Having an autistic child can bring many unique joys and challenges to your family. Sometimes children with Autism Spectrum Disorder (ASD) develop difficulties with feeding. Being able to feed your child is a top priority for all parents, so when feeding becomes challenging, a seemingly simple activity can suddenly feel daunting. In an effort to help families feel more equipped to address feeding concerns, we’ve compiled a list of the top 4 most frequently asked feeding questions for autistic children.

Please note the difficulties each child may face are unique. If you have concerns about your child’s feeding skills, please speak with your doctor about whether a feeding evaluation through Connecticut Children’s would help.

1. My child is a picky eater. How can I increase the variety of foods they will eat?

  • Gradually expose your child to foods that are similar to the ones they already eat.  These foods should be similar in shape, color, and appearance. Use pleasant and playful interactions, such as messy food play. Important:  When you first expose your child to a new food, do not expected them to eat it!  Allowing your child to explore new food through their other senses (vision, touch, smell) helps them to accept the taste of the food later.  
  • Expand food play by having your child conduct “science experiments” to alter the foods they like.  For example, if your child puts a few drops of blue food coloring into their favorite vanilla yogurt, will it still smell and taste the same?
  • Have your child be an active participant in meal prep by helping to prepare foods (stirring, placing into serving platters, cleaning vegetables) and aiding in clean-up routines. This will increase interaction with foods (appearance and smells) without expecting your child to taste or eat the food.
  • Don’t be discouraged if your child does not seem interested for the first few exposures. It may take some time to develop greater interest and comfort with new foods. Be sure to acknowledge and praise your child’s efforts to explore the foods, no matter how small the effort may seem.

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2. My child will gag at the smell/taste/texture/appearance of a certain food. What can I do?

There can be many reasons why your child is gagging, which may require evaluation by the Connecticut Children’s Feeding Team. Here are some things you can try:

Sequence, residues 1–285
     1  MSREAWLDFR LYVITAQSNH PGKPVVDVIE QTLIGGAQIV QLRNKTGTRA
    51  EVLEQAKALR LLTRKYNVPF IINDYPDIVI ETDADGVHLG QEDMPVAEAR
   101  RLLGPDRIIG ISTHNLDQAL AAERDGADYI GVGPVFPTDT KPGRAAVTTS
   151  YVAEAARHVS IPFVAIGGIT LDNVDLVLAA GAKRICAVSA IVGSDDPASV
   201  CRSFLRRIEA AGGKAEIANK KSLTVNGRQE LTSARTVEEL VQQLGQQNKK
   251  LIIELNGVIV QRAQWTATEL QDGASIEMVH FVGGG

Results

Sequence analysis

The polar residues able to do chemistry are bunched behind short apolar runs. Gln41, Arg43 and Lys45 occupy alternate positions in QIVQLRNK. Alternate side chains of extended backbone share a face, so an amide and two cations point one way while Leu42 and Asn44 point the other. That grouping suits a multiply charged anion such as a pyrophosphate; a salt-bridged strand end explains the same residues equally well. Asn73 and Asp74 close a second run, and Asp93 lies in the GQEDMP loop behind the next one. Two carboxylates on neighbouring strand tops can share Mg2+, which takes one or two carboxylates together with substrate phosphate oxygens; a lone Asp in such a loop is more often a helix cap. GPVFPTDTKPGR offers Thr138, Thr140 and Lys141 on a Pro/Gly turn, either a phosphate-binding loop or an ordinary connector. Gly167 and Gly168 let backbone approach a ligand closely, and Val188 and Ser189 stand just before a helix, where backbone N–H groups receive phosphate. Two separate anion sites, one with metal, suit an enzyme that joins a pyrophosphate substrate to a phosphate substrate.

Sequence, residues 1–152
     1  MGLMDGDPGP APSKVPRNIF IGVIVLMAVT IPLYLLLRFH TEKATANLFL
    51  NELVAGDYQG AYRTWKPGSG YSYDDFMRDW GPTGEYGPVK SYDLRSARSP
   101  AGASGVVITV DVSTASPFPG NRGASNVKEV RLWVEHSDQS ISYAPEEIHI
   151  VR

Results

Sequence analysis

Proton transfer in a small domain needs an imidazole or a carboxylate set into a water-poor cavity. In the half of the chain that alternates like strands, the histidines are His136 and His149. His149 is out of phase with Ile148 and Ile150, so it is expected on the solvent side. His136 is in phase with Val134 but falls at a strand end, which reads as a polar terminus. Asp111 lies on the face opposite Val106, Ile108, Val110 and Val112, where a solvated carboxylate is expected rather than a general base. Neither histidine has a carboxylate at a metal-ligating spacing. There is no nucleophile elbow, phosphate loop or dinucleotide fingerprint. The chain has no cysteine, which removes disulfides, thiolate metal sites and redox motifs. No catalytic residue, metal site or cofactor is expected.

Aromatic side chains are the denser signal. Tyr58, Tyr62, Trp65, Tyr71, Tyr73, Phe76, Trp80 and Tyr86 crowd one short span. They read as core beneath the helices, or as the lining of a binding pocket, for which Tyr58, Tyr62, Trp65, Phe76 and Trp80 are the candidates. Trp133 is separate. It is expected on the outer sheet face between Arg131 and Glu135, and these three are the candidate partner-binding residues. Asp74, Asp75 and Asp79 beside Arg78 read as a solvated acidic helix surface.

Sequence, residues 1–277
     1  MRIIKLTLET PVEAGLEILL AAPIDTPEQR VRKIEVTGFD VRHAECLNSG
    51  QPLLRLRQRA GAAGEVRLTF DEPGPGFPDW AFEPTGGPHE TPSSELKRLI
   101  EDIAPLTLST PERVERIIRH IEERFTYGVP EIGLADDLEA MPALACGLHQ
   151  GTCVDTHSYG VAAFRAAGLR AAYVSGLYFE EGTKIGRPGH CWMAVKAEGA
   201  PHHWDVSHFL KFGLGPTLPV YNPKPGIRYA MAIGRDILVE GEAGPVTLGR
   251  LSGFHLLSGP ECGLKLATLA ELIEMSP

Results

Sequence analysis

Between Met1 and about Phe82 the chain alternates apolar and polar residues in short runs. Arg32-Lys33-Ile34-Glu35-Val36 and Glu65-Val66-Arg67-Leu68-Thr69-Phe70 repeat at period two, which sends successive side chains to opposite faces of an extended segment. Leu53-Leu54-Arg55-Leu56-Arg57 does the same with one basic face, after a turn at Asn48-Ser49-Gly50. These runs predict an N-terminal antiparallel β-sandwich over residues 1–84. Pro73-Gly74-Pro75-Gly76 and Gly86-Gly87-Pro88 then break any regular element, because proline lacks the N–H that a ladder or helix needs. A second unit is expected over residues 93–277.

• If your child doesn’t have a medical reason for gagging, expose them gradually to the foods during non-mealtimes. This can help decrease the gag response.
  • If your child gags at the sight of real food, have them look at pictures of that particular food in books or magazines before interacting with the food. Once they tolerate this approach, move on to interacting with play food. Your child can pretend to prepare and/or serve a meal to other family members. After this, slowly increase exposure and interactions with real food. Remember that it may take a long time for your child to feel comfortable smelling or tasting the food and that’s ok. 
  • Staying calm, and even offering encouragement (“you’re doing great”, “you’re so brave”, or applause with younger children) during gagging can help make an uncomfortable experience a little less unpleasant.
Young child indicating she's not hungry

3. Is it okay to “sneak foods” into my child’s meals? How many times should I offer a refused food?

Short answer: not really. Here’s why.

  • It’s tempting to hide a new or non-preferred food in a preferred food, or fib about what the food really is. However, you should avoid doing so. It is better to slowly expose your child to the foods using the strategies outlined in question 1.
  • It can also be tempting to stop introducing a new food after your child refuses it. However, it’s actually best to continue to offer refused foods. Children often need repeated exposures to a food before it is accepted. Remember, exposures that involve smelling the food or touching one’s tongue to the food can help to make good progress toward accepting it. Don’t give up! 

4. My doctor says my child is growing fine despite being a picky eater and that I should not worry. Should I still be concerned about my child’s nutrition?

Because all of us have food preferences, it’s okay for your child to have some foods that they dislike. Also, some level of pickiness is normal for young children.

However, if your child has eliminated an entire food group (such as dairy, meats, vegetables and fruits, and/or grains) they could be at risk for being low in certain nutrients.

Make sure you tell your child’s doctor about your child’s diet in detail, including any specific food groups they continue to refuse. If you’re still concerned after talking to your child’s doctor, you can ask them for a referral to a Connecticut Children’s registered dietitian who can determine whether your child is getting enough nutrition.

Originally posted on July 5, 2017. Updated April 4, 2022 by the following Connecticut Children’s specialists:

  • Jennifer Twachtman-Bassett, Autism Clinical Specialist and Research Coordinator
  • Jeanne Kagan, Occupational Therapy
  • Caitlin Silliman, Occupational Therapy
  • Kerri Byron, Speech/Language Pathology